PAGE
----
This info was copied from the M-Audio site and unless you're good with a soldering iron and comfortable with electronics, just return your UNO to where you bought it and get something else.
Thus, continue at your own risk (resistors can be 1/2W or 1/4W (these are smaller):
The eight pin chip on the UNO's circuit board labeled U2 is the optocoupler that takes current pulses from your MIDI device and turns them into voltage pulses that are decoded by U1 and sent to the computer via USB. The optocoupler in the defective UNOs is a 6N138. The problem is one of two things (depending on M-Audio's original design). Either, the factory installed the wrong optocoupler (which is likely because the 6N138 is not a very good choice for a MIDI input), or M-Audio forgot to connect pin 7 of the optocoupler to ground with a resistor (which means the optocoupler's output turns on fast, but takes way too long to turn off, effectively causing it to miss pulses).
So, you've got a defective UNO with the wrong opto and it's missing a resistor (but you've got a soldering iron and a do-it-yourself attitude), what's the solution? If you solder a 5k ohm resistor from pin 7 to pin 5 on the optocoupler (6N138, U2), your MIDI input should spring to life. Adding this resistor provides a discharge path for the parasitic capacitance on the base of the output transistor in the darlington pair. Discharging the base through a resistor gets the output transistor turned off fast (no missed pulses). I added a 5k ohm resistor to mine and now it works great. Like I mentioned, the 6N138 is not a good choice for MIDI. It is a slow device with a high CTR, while MIDI (5mA input, 31250 baud, low output current) really screams for a fast device with a low CTR, but I used an oscilloscope to verify the output of the opto with a 5k ohm base resistor and it looks great.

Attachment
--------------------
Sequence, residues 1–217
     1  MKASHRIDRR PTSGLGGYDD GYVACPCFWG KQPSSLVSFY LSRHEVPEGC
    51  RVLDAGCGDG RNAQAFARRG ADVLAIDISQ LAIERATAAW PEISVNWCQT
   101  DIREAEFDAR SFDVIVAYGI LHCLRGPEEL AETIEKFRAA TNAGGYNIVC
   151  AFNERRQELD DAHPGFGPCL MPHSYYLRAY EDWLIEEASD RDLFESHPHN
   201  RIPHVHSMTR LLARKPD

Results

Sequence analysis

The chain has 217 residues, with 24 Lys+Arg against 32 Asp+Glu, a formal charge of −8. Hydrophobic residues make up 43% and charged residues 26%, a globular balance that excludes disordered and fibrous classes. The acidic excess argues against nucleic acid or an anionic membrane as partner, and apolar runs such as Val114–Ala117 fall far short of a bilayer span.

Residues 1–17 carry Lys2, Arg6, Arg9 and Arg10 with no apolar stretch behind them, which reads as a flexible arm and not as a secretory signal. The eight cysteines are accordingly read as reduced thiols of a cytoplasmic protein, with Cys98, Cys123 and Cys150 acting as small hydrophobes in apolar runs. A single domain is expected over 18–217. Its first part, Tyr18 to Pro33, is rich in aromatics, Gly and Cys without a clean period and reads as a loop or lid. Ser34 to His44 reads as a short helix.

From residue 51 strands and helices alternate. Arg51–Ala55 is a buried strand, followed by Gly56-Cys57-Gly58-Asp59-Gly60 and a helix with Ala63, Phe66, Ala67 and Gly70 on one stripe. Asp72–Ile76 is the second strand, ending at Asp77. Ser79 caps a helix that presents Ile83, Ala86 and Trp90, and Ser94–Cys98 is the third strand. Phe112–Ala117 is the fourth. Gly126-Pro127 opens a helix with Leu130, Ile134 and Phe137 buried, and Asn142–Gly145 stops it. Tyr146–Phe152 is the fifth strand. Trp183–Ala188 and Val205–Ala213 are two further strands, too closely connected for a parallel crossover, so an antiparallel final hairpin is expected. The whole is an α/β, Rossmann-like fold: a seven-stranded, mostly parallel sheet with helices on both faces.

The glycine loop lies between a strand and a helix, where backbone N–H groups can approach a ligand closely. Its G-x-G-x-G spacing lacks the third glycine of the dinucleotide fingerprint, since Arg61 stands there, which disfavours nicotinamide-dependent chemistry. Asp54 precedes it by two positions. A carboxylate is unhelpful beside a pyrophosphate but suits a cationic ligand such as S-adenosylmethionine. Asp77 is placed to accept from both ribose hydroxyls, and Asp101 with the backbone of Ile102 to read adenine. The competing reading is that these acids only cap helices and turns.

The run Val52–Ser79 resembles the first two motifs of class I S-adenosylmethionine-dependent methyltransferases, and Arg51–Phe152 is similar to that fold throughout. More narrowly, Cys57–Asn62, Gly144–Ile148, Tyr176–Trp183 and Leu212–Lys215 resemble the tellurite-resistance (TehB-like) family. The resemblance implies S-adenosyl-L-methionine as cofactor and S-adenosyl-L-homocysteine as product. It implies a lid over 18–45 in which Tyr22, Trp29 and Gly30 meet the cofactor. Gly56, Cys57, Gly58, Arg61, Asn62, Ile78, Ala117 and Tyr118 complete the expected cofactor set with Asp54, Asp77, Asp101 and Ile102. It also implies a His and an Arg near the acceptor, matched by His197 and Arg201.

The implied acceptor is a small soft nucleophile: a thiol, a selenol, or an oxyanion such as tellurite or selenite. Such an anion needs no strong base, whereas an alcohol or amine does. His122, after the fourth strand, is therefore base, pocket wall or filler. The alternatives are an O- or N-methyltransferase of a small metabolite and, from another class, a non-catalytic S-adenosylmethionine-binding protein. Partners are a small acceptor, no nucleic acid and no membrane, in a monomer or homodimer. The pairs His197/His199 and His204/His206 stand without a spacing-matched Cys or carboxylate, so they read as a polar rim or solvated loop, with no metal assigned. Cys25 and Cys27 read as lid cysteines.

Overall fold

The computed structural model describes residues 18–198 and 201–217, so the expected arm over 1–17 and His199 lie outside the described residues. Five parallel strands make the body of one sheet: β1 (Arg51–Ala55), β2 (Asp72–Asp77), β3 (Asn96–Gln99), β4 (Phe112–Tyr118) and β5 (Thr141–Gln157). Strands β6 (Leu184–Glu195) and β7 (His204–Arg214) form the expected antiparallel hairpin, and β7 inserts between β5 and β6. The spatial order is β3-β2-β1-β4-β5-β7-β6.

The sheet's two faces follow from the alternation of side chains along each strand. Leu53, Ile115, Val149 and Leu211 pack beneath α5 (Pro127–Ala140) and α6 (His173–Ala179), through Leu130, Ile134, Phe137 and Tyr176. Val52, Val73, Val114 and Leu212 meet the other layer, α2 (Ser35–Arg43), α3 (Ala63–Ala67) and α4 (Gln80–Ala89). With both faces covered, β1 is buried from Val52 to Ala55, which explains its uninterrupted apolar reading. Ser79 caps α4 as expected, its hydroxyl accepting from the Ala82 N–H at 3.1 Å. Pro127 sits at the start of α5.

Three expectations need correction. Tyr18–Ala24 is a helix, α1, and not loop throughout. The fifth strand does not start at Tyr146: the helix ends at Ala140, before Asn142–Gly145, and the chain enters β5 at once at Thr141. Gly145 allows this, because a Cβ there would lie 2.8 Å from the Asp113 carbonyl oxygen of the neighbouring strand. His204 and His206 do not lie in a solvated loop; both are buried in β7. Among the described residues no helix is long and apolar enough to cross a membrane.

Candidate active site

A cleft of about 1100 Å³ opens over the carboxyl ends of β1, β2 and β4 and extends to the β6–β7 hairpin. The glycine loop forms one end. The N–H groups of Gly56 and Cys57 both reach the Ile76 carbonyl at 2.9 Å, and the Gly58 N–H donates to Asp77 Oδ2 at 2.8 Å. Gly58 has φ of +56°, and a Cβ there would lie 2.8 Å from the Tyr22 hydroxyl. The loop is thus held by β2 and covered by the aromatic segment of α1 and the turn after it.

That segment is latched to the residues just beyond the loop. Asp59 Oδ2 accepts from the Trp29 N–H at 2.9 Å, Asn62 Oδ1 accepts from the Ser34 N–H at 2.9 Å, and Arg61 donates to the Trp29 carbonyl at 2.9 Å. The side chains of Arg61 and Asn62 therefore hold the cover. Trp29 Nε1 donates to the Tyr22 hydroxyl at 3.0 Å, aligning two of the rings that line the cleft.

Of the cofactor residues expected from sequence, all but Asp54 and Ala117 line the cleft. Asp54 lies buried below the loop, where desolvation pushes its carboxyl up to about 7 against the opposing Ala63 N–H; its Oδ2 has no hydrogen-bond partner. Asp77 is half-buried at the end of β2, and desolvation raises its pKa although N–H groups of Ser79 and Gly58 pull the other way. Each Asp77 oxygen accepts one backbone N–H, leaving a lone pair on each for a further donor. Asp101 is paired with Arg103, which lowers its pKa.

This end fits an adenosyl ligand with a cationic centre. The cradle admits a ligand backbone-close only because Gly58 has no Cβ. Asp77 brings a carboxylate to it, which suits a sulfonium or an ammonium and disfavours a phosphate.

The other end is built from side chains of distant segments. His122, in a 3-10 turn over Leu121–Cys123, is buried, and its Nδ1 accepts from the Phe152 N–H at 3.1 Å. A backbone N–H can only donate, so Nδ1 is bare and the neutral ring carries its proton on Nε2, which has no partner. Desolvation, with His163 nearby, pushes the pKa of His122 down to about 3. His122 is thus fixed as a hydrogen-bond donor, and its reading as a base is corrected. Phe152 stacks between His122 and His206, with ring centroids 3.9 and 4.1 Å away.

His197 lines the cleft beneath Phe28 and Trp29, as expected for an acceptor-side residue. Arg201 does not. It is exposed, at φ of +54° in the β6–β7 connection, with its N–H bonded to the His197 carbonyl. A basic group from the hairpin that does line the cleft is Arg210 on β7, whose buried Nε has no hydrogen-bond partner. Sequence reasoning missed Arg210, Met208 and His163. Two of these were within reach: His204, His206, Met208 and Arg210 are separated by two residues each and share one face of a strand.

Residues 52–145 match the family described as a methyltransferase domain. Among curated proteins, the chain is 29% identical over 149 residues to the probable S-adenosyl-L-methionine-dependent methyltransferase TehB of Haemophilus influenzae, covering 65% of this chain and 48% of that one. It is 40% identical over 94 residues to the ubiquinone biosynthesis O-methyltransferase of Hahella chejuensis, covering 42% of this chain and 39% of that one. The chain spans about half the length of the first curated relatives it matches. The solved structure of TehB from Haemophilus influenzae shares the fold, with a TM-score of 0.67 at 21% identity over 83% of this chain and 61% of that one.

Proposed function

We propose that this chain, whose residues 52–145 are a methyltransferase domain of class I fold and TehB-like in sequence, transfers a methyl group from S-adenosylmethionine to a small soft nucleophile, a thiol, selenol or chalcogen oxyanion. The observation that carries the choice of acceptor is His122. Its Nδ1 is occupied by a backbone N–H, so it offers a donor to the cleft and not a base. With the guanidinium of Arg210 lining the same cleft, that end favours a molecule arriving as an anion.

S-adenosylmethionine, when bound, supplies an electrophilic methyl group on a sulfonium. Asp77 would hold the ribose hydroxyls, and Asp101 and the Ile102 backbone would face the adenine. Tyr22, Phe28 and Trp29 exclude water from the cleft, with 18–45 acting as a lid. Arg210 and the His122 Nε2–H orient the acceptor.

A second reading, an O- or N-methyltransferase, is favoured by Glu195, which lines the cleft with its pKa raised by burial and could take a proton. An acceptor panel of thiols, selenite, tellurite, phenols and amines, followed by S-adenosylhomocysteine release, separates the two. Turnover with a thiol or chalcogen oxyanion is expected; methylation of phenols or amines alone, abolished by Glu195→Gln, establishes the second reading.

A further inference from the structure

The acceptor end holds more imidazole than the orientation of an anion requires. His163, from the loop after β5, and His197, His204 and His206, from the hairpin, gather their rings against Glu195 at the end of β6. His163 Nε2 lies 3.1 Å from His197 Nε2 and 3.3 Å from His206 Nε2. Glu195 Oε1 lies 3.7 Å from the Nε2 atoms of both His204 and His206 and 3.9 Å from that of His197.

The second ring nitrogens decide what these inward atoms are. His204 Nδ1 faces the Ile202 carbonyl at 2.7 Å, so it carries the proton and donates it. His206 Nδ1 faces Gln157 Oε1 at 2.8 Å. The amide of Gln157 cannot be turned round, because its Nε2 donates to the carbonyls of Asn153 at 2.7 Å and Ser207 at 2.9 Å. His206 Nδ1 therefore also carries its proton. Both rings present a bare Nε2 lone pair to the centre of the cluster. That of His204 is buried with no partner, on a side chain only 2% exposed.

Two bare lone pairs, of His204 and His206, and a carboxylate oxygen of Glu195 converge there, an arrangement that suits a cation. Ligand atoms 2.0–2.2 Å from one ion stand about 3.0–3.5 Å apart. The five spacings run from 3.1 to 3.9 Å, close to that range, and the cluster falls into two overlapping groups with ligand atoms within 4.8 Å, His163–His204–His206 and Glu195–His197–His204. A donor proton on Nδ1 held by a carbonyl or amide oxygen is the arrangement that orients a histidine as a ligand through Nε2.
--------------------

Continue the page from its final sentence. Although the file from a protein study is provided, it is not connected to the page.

Extra credit: While troubleshooting the MIDI input I also noticed that the leakage current of my keyboard's MIDI output was still enough to keep the input diode of the optocoupler turned on (slightly). It was not on enough to cause a problem on the output, but it sure wasn't off. This problem can be solved by soldering a 10k ohm resistor in parallel with the input diode (i.e. from pin 2 to pin 3 of U2). This resistor provides a path around the input diode for leakage currents up to 100 microamps (without developing the 1V forward voltage required to turn on the input diode).
Solder a (4.7K is close enough) 5k ohm resistor from pin 7 to pin 5 on chip U2. Optionally, solder a 10k resistor from pin 2 to pin 3 on U2.
1. crack open the case with a fine tip screwdriver
2. identify the correct pins on the U2 chip. In the photo of the top of the board, you can see the black dot on the U2 chip; that is beside pin #1 and then the pins number counterclockwise around the chip (viewed from above).
3. solder the resistors on. Resistors are reversible so it doesn't matter which way they are oriented. I soldered mine to the back of the board because there was more room there. I also trimmed off about half of the leads on the resistors to make them a little smaller.